Since spring, we have experienced drier than normal weather most of the time, and we expect this to continue for another month. We expect between 1.5 and 2.5 inches of rain, compared to the November norm of 2.91 inches.
November is the first month of the season in which DC receives on average some snow, but only 0.1 inch. Even though we are heading into slightly cooler than normal temperatures, we are not seeing a strong signal of measurable snow this month. That said, it is almost impossible to predict snow potential more than 5-7 days in advance.
What computer models predict for the month
Computer models predict slightly cooler and drier conditions than normal over the next two weeks. Here are the latest temperature (top) and precipitation (bottom) simulations from the American (left) and European (right) models:
Although these models agree relatively strongly on the cool and dry first two weeks of the month, the predicted deviations from norms are only slight, so small changes in actual weather could alter the results.
For the second half of November, the models show mixed signals. The U.S. Long Range Modeling System forecasts warmer and drier than normal weather conditions, while the European model simulates near-normal temperatures and above-normal precipitation.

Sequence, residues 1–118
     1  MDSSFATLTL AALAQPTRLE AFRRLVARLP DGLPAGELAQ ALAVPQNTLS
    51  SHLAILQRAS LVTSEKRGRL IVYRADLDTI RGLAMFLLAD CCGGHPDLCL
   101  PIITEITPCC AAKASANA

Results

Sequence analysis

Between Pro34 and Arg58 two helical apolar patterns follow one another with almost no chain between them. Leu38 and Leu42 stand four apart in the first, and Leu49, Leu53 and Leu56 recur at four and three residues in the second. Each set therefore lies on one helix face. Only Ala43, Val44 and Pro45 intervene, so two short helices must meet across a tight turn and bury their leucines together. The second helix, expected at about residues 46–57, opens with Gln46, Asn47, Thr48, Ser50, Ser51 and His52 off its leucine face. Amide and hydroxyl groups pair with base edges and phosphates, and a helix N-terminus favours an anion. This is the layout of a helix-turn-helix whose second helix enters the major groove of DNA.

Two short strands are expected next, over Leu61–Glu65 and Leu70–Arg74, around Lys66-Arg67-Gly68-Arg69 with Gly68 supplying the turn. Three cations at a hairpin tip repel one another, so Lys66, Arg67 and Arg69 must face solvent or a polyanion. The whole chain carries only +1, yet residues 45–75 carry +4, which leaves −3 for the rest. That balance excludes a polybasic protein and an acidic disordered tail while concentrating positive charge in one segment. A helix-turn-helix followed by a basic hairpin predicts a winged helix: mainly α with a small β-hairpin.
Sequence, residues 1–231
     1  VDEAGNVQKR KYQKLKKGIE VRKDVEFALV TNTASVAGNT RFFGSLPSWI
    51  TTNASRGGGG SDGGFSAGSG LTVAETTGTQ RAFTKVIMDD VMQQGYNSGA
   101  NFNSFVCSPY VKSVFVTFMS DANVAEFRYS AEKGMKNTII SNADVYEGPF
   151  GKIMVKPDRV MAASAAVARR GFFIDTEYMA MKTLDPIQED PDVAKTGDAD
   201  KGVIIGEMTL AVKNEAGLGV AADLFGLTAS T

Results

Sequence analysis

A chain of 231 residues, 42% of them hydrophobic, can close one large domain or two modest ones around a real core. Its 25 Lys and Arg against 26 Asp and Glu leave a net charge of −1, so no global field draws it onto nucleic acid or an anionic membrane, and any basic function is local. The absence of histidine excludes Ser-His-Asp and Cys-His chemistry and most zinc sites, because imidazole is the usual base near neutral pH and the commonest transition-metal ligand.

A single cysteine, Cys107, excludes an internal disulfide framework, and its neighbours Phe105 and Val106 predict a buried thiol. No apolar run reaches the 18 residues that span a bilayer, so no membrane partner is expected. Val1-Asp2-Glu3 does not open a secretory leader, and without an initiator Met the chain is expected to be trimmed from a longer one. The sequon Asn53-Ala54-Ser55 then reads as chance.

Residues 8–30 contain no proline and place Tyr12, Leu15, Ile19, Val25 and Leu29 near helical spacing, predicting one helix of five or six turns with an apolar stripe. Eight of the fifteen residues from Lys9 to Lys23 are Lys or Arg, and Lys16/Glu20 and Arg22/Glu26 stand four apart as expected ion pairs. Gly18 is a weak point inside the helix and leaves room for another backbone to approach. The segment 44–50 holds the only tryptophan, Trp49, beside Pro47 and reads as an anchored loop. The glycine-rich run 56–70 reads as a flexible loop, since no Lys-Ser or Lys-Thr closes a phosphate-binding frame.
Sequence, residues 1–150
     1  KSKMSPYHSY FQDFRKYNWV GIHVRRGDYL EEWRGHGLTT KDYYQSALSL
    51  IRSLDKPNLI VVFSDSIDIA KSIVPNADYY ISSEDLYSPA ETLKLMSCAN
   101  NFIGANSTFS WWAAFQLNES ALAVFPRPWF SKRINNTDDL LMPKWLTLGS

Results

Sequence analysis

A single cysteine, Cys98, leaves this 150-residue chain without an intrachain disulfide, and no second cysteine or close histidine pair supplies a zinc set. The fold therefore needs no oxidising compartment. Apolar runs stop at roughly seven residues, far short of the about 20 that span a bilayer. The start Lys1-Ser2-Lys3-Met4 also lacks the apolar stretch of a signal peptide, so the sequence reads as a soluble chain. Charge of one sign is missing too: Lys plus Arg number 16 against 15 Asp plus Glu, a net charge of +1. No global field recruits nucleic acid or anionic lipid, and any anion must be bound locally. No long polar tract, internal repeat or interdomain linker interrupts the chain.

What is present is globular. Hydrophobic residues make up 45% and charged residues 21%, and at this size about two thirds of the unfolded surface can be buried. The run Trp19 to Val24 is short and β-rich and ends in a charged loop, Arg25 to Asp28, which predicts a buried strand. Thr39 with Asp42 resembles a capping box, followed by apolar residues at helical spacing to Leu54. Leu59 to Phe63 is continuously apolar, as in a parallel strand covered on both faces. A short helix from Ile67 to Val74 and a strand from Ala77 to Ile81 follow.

You would think that the El Niño phenomenon – which often brings wetter conditions to the mid-Atlantic this time of year – would tip the scales towards more precipitation. However, we have not yet seen this signal emerge. The European model seems to suggest this could come into effect later this month. Even if this is the case, the dry first half of November could prevent precipitation from reaching normal levels for the entire month.
Our forecast for a drier than normal November follows a particularly dry October. Only 0.65 inches of rain fell, the lowest total in 23 years and tied with 1912 for the 10th driest on record. Measurable rain fell in just six days.
Temperatures were very variable but more often hot than cold. The average temperature of 63.1 degrees was 2.3 degrees warmer than normal, and it tied with 2016 as the 13th warmest October on record.
A month ago, we correctly predicted that October would be warmer and drier than normal. Our forecast that October would be 1 to 3 degrees warmer than normal was correct, but our projection of 3 to 3.65 inches of rain – although less than normal – was too wet.
Here’s how the month went:
During the month, no records were set at Washington’s official observing site at Reagan National Airport; however, several occurred at Dulles International and Baltimore-Washington International Marshall Airports during the heat wave at the end of the month:
- Dulles set a record of 81, breaking the old mark of 80 in 2021.
- Dulles set a record of 84, breaking the old mark of 82 in 1978.
- Baltimore set a record of 83, breaking the old mark of 81 in 1978.
- Dulles set a record of 86, breaking the old mark of 83 in 1984.
- Baltimore set a record of 82, tying the old mark from 1963.
With October forecast, 2023 continues to be an exceptionally warm and dry year.
Washington is experiencing its third hottest year on record, behind 2012 and 2017:
And it is experiencing its 15th driest year on record:
Records in Washington date from 1872.